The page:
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DNA Repair (Amst). 2016 Sep;45:1-24. doi: 10.1016/j.dnarep.2016.07.001. Epub 2016 Jul 10.

Somatic hypermutation in immunity and cancer: Critical analysis of strand-biased and codon-context mutation signatures.

Author information

1
CYO'Connor ERADE Village Foundation Inc., 24 Genomics Rise, Piara Waters, WA 6112, Australia. Electronic address: ejsteele@cyo.edu.au.

Abstract

For 30 years two general mechanisms have competed to explain somatic hypermutation of immunoglobulin (Ig) genes. The first, the DNA-based model, is focused only on DNA substrates. The modern form is the Neuberger "DNA Deamination Model" based on activation-induced cytidine deaminase (AID) and short-patch error-prone DNA repair by DNA Polymerase-η operating around AID C-to-U lesions. The other is an RNA-based mechanism or the "Reverse Transcriptase Model" of SHM which produces strand-biased mutations at A:T and G:C base pairs. This involves error-prone cDNA synthesis via an RNA-dependent DNA polymerase copying the Ig pre-mRNA template and integrating the now error-filled cDNA copy back into the normal chromosomal site. The modern form of this mechanism depends on AID dC-to-dU lesions and long tract error-prone cDNA synthesis of the transcribed strand by DNA Polymerase-η acting as a reverse transcriptase. The evidence for and against each mechanism is critically evaluated. The conclusion is that all the SHM molecular data gathered since 1980 supports directly or indirectly the RNA/RT-based mechanism. All the data and critical analyses are systematically laid out so the reader can evaluate this conclusion for themselves. Recently we have investigated whether similar RNA/RT-based mutator mechanisms explain how de novo mutations arise in somatic tissues (cancer genomes). The data analyses indeed suggest that cancers arise via dysregulated "Ig-like SHM responses" involving rogue DNA and RNA deaminations coupled to genome-wide RT events. Further, Robyn Lindley has recently shown that the strand-biased mutations in cancer genome genes are also in "codon-context." This has been termed Targeted Somatic Mutation (TSM) to highlight that mutations are far more targeted than previously thought in somatic tissues associated with disease. The TSM process implies an "in-frame DNA reader" whereby DNA and RNA deaminases at transcribed regions are guided in their mutagenic action, by the codon reading frame of the DNA.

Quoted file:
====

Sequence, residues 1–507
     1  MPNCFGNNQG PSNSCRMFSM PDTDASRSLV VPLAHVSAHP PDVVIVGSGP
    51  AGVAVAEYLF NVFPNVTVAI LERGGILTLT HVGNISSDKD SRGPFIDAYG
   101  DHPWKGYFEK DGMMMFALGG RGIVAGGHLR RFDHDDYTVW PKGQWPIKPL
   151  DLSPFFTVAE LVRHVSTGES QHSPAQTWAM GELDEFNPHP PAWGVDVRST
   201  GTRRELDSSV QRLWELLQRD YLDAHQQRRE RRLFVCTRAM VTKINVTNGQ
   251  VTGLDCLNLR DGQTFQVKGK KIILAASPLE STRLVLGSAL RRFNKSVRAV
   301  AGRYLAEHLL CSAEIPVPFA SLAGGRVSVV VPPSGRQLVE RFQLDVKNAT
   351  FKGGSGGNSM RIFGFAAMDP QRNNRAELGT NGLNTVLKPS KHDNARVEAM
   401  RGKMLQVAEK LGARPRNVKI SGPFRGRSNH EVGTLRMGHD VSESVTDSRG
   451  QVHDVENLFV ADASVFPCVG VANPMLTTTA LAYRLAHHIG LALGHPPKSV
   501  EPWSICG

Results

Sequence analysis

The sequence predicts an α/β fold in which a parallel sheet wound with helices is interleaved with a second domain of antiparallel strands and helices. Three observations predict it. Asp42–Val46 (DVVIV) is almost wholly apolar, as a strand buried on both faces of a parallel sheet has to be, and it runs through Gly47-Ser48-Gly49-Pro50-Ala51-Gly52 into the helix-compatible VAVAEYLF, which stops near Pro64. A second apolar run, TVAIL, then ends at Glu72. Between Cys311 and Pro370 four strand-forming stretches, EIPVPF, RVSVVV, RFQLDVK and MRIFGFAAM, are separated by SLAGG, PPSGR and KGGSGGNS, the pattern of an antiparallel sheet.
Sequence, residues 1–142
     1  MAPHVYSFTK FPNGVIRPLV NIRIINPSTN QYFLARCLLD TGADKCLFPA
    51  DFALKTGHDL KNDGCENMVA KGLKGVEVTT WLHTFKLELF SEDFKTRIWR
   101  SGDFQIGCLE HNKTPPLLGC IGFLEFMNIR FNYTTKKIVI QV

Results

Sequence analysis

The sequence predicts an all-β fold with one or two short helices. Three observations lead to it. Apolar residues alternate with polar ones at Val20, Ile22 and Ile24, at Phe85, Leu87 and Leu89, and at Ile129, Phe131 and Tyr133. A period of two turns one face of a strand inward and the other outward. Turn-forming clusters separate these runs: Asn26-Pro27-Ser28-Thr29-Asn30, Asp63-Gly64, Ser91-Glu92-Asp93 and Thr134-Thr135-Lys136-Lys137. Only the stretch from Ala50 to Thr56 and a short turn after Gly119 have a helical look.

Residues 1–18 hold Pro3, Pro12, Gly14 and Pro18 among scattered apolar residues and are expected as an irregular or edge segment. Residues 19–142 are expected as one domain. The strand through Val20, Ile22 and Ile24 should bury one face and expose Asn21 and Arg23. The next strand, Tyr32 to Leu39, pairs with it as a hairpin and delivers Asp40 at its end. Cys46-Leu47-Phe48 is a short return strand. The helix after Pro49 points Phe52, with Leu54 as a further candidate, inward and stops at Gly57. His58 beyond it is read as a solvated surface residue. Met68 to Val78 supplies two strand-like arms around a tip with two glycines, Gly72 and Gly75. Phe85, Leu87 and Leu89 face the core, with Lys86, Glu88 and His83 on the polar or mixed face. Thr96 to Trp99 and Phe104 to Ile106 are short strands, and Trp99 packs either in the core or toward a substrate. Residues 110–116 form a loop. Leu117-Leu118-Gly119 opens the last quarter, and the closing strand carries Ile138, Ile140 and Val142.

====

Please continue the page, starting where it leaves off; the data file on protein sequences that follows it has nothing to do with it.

KEYWORDS:

A-to-I RNA editing; AID/APOBEC-deaminase oncogenesis; Codon-context mutations; DNA polymerase-η; Somatic hypermutation; Strand-biased mutations

PMID:
27449479
DOI:
10.1016/j.dnarep.2016.07.001
[Indexed for MEDLINE]

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